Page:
That's right. I was stung by a jellyfish.

Somehow in my twenty-two years of living on this Earth I have never felt the burn of the jellyfish toxin flowing through my body. Who would think that I would stumble into this experience on the first afternoon of our retreat in paradise?

By the time I splashed my way back onto the beach, my fellow YAVs had noticed my incessant movement and inquired about the possible cause. Continuing to shake, I called out, "I was stung by a jellyfish! I don't know what to do about it! It just stings really bad! Now there are some bumps forming! And it stings!"

I thought back to situations I had heard from other people and thought about how awkward but necessary it would be to have our lone man Tyler urinate on my hand to extinguish the fire that was spreading from my hand. Kelsey, Emily, and Kendall suggested I take a few steps back and remember alternatives I should try first. Apparently peeing on jellyfish stings is only a last resort if you don't have access to something like vinegar or Benadryl. This has never happened to me before. What do I know?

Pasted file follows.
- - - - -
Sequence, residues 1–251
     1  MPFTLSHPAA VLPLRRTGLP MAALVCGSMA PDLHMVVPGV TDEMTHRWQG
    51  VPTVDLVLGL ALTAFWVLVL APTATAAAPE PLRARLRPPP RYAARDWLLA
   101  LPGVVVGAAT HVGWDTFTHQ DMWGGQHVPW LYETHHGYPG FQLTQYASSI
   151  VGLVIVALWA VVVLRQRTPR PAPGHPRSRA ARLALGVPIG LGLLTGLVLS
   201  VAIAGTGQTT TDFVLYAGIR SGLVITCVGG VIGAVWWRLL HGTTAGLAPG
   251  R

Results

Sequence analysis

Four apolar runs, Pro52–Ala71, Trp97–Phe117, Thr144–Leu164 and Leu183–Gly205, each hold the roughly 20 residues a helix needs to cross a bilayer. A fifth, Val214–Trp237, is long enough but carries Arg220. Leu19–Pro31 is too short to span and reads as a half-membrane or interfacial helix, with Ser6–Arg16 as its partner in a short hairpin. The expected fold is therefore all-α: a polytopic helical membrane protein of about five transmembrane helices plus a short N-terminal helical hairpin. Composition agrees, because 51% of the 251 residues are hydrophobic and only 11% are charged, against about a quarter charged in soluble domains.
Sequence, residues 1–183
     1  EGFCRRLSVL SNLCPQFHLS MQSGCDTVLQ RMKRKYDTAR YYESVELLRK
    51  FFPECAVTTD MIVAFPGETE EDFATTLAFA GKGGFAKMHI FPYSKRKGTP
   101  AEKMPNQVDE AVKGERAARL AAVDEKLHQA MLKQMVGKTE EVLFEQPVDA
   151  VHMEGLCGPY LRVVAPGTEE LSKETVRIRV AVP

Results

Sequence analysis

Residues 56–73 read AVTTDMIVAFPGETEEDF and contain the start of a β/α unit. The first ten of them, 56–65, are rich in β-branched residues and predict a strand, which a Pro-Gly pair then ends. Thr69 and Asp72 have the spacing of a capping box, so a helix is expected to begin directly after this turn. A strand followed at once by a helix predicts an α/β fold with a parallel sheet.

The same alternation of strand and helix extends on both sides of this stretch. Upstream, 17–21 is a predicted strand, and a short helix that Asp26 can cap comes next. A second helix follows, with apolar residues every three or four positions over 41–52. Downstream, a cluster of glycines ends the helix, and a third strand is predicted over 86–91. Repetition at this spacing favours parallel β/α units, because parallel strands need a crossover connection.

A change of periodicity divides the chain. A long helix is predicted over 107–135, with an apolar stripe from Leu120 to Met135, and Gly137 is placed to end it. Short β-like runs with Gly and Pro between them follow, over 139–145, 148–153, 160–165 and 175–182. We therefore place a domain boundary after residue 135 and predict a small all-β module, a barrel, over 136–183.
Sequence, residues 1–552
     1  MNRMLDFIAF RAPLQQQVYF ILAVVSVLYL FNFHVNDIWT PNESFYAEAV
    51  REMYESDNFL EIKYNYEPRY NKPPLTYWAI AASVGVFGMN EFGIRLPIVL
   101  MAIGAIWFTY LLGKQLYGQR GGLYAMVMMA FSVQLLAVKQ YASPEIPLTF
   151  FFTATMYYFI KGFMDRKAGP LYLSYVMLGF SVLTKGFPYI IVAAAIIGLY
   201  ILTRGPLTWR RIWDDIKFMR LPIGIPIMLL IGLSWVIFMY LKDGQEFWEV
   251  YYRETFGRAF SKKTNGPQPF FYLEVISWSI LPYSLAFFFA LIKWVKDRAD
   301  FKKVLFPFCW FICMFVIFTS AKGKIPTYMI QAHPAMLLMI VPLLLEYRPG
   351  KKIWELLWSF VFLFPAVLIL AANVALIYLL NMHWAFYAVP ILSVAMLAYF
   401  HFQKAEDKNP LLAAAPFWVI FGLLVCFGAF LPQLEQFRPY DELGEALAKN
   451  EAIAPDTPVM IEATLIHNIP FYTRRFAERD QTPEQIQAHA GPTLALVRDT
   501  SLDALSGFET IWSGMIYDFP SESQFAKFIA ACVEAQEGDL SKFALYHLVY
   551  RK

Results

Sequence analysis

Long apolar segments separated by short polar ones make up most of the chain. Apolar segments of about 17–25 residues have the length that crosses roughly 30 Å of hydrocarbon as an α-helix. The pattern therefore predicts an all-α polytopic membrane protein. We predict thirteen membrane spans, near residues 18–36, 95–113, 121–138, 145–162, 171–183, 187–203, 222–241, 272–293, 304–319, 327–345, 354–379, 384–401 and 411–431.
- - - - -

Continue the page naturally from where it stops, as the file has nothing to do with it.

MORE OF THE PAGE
Now this particular piece of paradise was a rather primitive resort that only had electricity from about 6 pm until 11 pm every night. They bought food from the market and prepared it as needed rather than keeping a refrigerator or food on hand. Our site coordinator, Dessa, advised that I ask our hostess about how people in Sabang, Palawan handle jellyfish stings after informing me that she had no Benadryl or vinegar in her Mary Poppins bag. I signed and explained what happened to my hand to our hostess. Her response was that I should go to the CR (comfort room, bathroom) and motioned that I hold my hand down between my legs. Dessa agreed that her family has always dealt with such incidents with those conniving jellyfish in the same manner.

At this point, my burn has dulled to a mere nuisance, and red spots began to emerge at the sight of the attack. I also start to notice a strange sting coming from my calf. The darned creature got me there, too!